When writing Swift code I always work from the principle of “most restrictive”. I always start by marking any class, struct, enum and function as private if possible. If I then discover that I will be needing a function outside of the class scope I then go “one level” down in restriction. By using this principle I achieve the smallest possible API surface that other developers have to interact with.

Using Generics to avoid UIKit boilerplate code

Ever since Swift came out I have been writing views and view controllers entirely in code. Being a former heavy user of the Storyboards I find it much more tangible to see all the code that belongs to a view in one place and not spread between some XML file and a few lines of code.

Having coded a lot of views and view controllers I’ve developed a pattern that has stuck with me. I prefer to instantiate views without arguments (init:frame is the designated initializer) since I also prefer auto layout. If you specify a no-argument initializer in Swift for any UIKit class you are forced to specify a init:coder initializer too. This is extremely annoying. So in order to eliminate a tiny bit of boilerplate code each time I start writing a new view I have a base “Generic View Class” that all my view inherit from instead of UIView.

public class GenericView: UIView {
public required init() {
    public required init?(coder: NSCoder) {
super.init(coder: coder)
    internal func configureView() {}

This class also expresses another habit I have, which is to put any “view setup” code like adding subviews, constraints and adjusting colors, fonts, etc in a “configureView” method. Then whenever I want to create a new view I don’t need any of the usual boilerplate code.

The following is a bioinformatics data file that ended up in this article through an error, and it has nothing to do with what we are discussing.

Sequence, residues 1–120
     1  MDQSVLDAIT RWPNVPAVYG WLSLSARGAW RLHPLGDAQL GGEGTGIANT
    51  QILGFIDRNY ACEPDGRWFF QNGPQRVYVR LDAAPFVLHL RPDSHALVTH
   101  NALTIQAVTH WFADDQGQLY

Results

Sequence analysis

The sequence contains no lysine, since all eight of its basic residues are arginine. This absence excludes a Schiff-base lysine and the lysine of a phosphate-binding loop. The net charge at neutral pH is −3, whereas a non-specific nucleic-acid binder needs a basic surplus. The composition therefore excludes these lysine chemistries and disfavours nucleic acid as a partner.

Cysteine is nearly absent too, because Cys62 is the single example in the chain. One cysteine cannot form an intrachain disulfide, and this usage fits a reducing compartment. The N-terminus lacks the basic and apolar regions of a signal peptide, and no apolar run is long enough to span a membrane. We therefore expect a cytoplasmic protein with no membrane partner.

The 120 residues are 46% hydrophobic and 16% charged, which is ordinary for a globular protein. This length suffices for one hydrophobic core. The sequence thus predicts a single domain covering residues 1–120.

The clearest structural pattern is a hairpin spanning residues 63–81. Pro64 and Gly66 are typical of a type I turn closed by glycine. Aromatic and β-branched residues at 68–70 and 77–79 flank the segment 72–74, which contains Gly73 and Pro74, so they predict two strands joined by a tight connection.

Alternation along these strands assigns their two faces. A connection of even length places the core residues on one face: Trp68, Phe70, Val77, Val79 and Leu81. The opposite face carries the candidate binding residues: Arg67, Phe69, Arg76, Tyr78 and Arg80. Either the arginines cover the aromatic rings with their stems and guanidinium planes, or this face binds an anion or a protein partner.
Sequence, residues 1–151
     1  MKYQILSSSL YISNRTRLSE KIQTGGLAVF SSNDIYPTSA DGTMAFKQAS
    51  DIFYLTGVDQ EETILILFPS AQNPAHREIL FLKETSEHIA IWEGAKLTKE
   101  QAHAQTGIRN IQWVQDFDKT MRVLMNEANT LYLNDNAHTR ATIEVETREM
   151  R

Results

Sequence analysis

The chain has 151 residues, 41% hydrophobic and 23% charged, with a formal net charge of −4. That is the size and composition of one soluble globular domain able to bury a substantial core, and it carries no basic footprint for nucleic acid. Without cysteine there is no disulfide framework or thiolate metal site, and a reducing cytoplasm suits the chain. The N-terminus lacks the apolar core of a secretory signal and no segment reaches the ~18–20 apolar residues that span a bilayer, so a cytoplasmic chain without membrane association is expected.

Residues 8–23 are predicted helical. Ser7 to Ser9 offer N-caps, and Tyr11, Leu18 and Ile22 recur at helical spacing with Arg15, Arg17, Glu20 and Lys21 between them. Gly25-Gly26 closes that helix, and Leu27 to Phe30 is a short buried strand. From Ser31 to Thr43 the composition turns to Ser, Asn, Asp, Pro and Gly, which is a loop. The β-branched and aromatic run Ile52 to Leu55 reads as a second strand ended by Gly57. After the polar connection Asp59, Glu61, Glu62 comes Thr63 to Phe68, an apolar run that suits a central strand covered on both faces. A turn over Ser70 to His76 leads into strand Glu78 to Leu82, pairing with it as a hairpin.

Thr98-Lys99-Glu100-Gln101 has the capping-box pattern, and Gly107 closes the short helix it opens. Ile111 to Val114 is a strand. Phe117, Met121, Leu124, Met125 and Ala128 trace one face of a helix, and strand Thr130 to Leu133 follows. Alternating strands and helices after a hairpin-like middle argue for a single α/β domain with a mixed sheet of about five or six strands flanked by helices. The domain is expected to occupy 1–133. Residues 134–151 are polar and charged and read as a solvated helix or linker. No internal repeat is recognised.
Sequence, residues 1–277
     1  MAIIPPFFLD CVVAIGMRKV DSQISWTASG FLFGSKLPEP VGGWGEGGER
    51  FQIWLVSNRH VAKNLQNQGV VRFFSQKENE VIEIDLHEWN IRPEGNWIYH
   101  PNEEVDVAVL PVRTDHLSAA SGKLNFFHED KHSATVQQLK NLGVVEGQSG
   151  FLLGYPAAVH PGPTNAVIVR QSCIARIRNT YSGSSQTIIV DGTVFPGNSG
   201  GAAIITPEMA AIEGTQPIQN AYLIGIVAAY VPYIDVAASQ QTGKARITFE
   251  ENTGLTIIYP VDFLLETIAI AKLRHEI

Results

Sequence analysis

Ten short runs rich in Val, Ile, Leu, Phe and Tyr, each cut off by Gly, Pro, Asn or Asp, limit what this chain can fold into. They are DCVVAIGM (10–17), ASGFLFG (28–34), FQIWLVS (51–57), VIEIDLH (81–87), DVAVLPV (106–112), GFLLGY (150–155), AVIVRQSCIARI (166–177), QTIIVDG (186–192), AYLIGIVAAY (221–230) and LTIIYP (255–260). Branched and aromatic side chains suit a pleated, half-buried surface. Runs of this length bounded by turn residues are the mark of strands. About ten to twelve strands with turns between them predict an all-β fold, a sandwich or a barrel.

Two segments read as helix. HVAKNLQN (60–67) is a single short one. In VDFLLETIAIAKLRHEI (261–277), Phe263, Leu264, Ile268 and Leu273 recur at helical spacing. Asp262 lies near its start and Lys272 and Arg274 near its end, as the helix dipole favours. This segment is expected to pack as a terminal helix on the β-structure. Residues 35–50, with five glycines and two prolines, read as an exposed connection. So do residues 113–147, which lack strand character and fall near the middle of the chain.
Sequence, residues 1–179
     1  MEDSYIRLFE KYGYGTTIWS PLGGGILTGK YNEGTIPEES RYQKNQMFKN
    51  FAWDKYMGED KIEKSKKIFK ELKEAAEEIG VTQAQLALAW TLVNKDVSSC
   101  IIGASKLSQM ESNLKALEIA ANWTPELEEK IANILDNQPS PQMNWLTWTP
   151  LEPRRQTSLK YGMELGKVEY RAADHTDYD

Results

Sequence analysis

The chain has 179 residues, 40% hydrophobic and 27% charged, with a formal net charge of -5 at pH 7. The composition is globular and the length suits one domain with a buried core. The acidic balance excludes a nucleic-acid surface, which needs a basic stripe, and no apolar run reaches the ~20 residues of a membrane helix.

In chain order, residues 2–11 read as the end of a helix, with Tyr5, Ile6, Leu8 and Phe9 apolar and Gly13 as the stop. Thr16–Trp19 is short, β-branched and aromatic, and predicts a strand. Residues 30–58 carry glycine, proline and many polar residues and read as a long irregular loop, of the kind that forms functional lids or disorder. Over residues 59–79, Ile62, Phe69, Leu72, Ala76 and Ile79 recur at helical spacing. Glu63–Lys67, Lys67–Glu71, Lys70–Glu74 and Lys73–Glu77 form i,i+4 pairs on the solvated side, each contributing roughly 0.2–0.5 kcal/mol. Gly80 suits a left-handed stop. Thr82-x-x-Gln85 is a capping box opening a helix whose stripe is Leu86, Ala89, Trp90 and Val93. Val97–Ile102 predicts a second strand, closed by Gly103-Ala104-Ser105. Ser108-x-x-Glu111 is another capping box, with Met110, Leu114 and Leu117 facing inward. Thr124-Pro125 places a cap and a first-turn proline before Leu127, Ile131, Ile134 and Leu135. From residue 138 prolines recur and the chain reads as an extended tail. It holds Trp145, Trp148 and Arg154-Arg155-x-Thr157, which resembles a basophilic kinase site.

class AwesomeView: GenericView {
override func configureView() {
let awesomeView = AwesomeView()

This pattern becomes even more powerfull when you combine it with generic view controllers.

public class GenericViewController<View: GenericView>: UIViewController {
internal var contentView: View {
return view as! View
    public init() {
super.init(nibName: nil, bundle: nil)
    public required init?(coder: NSCoder)
super.init(coder: coder)
    public override func loadView() {
view = View()

Now making an awesome view controller for our awesome view is much simpler.

class AwesomeViewController: GenericViewController<AwesomeView> {
override func viewDidLoad()

I’ve taken the code from this pattern and extracted it into a GitHub repo. The code is available as a framework through Carthage or CocoaPods.

I agree, 4 base classes with virtually no implementation doesn’t justify a framework. I choose to publish the code here as a framework because that is for most people the easiest way to start using it. I would argue that it is totally fine to just copy paste the classes into your project. I don’t anticipate many if any updates to the code.

That is it for the first part of the Good Swift, Bad Swift series. I’d love to hear your thoughts, critique and suggestions. Leave a comment below or shoot me a tweet.

Edit: Part 2 of the article is now available here!